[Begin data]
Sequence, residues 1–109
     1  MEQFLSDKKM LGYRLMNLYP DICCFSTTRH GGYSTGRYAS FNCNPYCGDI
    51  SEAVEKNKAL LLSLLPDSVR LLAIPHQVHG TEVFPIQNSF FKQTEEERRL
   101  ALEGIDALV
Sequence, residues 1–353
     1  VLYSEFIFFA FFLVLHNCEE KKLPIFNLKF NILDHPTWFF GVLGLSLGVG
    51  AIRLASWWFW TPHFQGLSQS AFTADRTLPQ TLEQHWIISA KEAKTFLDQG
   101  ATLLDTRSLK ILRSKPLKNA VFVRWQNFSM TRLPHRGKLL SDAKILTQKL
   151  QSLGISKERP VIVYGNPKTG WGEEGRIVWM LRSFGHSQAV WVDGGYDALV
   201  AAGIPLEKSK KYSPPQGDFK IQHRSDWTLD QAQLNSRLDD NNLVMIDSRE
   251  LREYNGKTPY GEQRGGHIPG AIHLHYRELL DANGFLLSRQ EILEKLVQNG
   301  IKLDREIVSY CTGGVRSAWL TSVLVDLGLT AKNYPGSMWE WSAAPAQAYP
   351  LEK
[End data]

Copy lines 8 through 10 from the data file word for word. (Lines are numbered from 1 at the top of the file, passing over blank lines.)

   101  ATLLDTRSLK ILRSKPLKNA VFVRWQNFSM TRLPHRGKLL SDAKILTQKL
   151  QSLGISKERP VIVYGNPKTG WGEEGRIVWM LRSFGHSQAV WVDGGYDALV
   201  AAGIPLEKSK KYSPPQGDFK IQHRSDWTLD QAQLNSRLDD NNLVMIDSRE